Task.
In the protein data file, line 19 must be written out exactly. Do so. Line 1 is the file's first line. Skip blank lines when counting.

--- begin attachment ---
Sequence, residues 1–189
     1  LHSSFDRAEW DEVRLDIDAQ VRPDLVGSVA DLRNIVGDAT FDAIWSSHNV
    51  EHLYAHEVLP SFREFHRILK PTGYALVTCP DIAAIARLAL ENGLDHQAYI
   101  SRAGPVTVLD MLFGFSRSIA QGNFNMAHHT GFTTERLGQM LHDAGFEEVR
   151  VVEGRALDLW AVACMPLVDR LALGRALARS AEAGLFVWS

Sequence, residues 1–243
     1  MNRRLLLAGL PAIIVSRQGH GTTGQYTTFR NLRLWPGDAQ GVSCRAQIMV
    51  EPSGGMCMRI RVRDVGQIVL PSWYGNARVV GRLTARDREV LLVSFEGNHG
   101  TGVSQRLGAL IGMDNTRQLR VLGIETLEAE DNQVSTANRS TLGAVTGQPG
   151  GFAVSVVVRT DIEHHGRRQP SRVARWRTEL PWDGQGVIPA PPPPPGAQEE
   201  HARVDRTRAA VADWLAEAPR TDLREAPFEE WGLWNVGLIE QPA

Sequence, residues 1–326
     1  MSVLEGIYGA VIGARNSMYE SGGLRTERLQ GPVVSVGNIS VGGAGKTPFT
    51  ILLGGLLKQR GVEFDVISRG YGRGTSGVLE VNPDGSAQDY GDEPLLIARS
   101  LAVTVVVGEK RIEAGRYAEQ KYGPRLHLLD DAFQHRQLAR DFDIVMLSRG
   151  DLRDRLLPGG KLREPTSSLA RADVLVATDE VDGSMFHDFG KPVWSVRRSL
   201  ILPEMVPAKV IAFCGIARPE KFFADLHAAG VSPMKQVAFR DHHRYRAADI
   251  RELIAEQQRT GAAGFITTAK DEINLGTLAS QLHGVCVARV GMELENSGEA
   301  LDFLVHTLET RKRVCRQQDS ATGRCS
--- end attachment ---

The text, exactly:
   301  LDFLVHTLET RKRVCRQQDS ATGRCS